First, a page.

If a person is avoidant and not looking to engage in any conversations, it’s best to find another person to talk to and get to know them. In time, the individual may find themselves in a better position to begin talking until then, give them space, and only engage if their body language looks inviting.

Related: How To Be Funny: 12 Practical Ways To Significantly Improve Your Humor

14. Get a Conversation Going with Verbal Cues

Getting someone’s attention is just the beginning. Continuing the discussion means keeping it interesting and unique, so they want to talk. Once the dialogue has begun, show the other person that you’re actively listening with verbal and non-verbal cues. A simple nod or verbal affirmation, such as “uh-huh” or “yes,” can go a long way to making the other person feel heard and understood.

Alternatively, if their verbal cues are avoidant in nature, such as folding arms across the chest or looking away to avoid contact, this will create tension or end the interaction sooner. On the other hand, continuing the discussion means showing you want to hear what the other person says and that you’re fully engaged.

15. Keep it Funny and Entertaining

Most people appreciate a sense of humor, especially in an informal setting, such as a party. If you’re familiar with a specific group of people or networking field, humor can go a long way to making a great impression. A great conversation doesn’t have to be serious all the time – liven it up with some humor.

It’s also important to be natural and not try too hard, as this could have the opposite effect. If one or two jokes are not considered funny, move past this phase and keep the dialogue positive. Keep it natural, and make fun observations or comments that are light-hearted to keep the flow of talk fun for everyone.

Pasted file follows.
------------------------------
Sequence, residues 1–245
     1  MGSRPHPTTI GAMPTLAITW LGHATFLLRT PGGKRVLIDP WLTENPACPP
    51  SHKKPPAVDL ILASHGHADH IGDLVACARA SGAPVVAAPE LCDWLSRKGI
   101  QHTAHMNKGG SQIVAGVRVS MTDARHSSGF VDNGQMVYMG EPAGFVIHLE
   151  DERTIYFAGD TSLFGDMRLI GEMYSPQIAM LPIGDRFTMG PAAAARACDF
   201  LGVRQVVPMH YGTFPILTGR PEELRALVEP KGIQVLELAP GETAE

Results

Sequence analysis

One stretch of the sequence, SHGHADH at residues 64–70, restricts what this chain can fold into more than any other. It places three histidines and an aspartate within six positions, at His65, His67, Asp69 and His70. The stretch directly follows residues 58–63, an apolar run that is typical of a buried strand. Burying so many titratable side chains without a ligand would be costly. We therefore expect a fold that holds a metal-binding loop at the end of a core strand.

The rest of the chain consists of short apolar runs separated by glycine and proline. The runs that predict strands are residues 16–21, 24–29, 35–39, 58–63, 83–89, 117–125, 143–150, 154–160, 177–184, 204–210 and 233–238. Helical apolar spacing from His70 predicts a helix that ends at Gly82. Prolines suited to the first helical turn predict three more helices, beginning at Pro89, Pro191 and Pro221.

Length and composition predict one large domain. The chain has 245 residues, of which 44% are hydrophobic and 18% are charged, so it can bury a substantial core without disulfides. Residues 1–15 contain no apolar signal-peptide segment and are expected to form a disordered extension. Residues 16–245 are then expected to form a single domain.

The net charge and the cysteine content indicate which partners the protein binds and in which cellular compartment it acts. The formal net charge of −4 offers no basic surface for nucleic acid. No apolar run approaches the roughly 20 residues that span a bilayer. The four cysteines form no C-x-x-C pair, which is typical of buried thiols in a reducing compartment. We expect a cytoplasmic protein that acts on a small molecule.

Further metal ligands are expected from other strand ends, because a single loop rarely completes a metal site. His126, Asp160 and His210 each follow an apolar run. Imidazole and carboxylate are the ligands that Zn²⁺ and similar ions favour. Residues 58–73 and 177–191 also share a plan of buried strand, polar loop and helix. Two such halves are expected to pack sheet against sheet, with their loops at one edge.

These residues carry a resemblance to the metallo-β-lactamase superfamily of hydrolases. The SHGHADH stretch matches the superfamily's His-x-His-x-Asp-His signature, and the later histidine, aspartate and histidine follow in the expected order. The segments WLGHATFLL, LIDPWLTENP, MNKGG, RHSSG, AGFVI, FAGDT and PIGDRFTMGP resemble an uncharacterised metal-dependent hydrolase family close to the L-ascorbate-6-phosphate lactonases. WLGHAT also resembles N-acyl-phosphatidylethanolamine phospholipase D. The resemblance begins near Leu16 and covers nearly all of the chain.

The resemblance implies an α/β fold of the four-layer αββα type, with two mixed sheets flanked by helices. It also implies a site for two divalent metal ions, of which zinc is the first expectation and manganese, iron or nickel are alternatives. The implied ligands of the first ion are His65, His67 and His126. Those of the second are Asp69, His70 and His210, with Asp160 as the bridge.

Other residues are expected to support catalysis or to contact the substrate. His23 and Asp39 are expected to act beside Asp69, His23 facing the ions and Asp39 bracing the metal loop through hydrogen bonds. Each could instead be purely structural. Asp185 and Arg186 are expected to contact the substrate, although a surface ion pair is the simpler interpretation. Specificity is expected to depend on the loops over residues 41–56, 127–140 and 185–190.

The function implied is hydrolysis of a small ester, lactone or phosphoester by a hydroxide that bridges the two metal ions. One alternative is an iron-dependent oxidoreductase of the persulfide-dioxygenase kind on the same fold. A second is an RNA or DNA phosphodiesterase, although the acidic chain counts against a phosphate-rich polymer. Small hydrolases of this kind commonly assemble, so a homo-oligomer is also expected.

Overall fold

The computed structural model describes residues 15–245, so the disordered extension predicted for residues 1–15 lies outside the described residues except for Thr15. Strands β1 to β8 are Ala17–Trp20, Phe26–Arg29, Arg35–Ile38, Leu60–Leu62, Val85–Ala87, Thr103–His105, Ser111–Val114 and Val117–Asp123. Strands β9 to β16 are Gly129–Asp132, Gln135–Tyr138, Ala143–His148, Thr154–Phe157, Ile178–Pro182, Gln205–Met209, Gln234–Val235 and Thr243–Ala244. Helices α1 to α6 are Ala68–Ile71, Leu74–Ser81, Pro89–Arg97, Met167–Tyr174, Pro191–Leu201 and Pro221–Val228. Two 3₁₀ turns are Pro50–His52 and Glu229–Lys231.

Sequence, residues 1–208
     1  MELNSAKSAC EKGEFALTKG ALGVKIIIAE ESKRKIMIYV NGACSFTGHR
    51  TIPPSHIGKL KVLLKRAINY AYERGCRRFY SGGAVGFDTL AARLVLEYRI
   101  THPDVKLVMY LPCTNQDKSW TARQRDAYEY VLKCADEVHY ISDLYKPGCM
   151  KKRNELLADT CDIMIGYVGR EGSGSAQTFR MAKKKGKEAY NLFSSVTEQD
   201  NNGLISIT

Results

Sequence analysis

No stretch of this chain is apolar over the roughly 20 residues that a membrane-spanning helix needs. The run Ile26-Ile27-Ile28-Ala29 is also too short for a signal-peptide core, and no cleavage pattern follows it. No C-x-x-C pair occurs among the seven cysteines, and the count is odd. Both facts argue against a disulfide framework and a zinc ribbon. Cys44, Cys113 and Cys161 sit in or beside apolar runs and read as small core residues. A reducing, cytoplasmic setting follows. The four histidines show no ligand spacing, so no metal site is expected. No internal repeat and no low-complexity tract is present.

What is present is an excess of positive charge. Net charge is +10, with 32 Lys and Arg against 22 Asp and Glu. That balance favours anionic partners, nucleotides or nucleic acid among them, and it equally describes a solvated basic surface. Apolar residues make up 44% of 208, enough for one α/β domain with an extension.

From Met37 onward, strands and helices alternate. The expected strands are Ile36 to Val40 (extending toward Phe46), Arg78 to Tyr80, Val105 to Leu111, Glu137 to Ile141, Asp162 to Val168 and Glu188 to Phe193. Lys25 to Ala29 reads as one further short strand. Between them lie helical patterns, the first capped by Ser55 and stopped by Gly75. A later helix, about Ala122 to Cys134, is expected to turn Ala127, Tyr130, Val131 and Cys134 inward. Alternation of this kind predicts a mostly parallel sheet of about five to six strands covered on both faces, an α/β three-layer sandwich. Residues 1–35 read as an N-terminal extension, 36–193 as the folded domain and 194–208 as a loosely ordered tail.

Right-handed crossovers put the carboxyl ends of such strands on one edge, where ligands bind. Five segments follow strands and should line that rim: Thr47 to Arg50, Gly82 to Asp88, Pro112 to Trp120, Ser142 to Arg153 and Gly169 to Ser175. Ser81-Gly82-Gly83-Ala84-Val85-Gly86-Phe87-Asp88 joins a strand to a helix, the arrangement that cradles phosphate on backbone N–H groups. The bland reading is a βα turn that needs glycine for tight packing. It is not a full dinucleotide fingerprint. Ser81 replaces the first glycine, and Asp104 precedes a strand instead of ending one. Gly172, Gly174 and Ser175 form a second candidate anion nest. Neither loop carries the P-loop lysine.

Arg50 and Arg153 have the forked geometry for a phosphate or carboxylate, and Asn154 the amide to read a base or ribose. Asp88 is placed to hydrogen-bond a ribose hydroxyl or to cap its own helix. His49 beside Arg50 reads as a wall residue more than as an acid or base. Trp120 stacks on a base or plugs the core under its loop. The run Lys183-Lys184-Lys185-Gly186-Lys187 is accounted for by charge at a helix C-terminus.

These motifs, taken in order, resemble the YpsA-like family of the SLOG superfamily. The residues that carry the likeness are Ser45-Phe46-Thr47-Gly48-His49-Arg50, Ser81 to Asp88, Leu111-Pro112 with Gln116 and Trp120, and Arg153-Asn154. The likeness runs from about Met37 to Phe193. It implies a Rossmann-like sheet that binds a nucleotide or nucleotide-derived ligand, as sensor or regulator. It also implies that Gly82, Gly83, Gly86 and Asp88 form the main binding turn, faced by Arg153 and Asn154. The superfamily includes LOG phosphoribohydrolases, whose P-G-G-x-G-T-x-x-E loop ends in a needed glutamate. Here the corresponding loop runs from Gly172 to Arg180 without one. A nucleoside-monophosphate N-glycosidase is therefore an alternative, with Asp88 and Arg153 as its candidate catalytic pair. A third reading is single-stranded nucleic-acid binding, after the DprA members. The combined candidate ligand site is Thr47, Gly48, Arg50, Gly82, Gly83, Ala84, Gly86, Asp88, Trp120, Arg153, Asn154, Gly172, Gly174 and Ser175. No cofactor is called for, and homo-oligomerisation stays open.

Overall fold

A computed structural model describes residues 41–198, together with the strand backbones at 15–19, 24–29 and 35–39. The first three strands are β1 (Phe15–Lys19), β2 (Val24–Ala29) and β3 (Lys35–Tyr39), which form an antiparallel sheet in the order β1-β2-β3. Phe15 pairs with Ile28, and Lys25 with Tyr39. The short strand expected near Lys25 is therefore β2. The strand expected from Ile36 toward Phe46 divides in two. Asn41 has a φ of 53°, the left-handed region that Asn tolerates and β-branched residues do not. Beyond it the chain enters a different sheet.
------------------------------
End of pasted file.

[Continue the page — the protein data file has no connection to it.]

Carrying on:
Most people may not expect this as a way to start a dialogue, but it will likely get their attention and keep them intrigued. When common phrases and starters are expected, sometimes it’s better to stay one step ahead and make someone think. At the very least, you’ll find out something new about an individual that most people might not, even people who know them better then you do. It’s also a fantastic way to touch on many unique topics and facts that aren’t usually brought up for discussion, but they are fascinating and make a great start.

Related: How to Cheer Someone Up: 19 Simple and Creative Ways to Make Them Smile

A Summary: How to Start a Conversation and Keep it Going

Whether there’s a deep conversation on the horizon or just small talk, it’s important to maintain an amicable discussion. While light controversy or a civil debate can work well sometimes, in most cases, it’s best to reserve heavier topics for discussions once there’s mutual comfort and boundaries established. A friendly interaction is usually the best way to begin a relationship or establish a strong rapport, which can further develop future discussions.

Discussions don’t have to be perfectly planned or executed to begin a good dialogue. Ask questions that show genuine care and always talk to people like a friend. Networking is just one example of how talking can build a good rapport and memorable conversation that will make a stunning first impression. Not everyone is a master of dialogue, though, with a little practice, there’s a lot of potential for great conversations and connections with people.